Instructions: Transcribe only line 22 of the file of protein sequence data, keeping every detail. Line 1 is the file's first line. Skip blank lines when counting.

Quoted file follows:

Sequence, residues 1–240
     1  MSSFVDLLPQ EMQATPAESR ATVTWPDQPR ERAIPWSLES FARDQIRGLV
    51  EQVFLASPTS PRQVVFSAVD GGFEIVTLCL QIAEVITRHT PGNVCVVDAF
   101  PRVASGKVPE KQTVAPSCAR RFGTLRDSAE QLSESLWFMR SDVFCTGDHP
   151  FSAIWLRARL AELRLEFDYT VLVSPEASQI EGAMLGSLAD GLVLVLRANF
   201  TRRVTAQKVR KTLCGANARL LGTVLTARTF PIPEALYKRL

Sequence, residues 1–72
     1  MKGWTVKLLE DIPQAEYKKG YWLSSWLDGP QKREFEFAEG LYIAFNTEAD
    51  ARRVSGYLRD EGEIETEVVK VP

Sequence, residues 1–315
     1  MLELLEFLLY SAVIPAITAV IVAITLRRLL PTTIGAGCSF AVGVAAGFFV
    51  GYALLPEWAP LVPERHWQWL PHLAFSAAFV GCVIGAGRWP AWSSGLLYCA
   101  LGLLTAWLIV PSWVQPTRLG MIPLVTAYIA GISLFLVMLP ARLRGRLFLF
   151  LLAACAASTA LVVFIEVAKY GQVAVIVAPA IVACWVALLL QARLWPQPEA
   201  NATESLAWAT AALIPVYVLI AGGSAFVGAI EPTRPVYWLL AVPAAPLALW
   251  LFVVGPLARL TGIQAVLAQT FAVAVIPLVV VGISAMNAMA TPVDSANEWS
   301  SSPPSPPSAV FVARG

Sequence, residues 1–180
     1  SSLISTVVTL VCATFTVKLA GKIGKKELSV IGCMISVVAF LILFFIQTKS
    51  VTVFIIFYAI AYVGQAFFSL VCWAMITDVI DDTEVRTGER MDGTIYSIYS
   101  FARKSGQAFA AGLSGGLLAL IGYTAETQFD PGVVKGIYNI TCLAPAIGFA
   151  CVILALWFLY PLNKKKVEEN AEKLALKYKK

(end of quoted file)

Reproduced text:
   151  CVILALWFLY PLNKKKVEEN AEKLALKYKK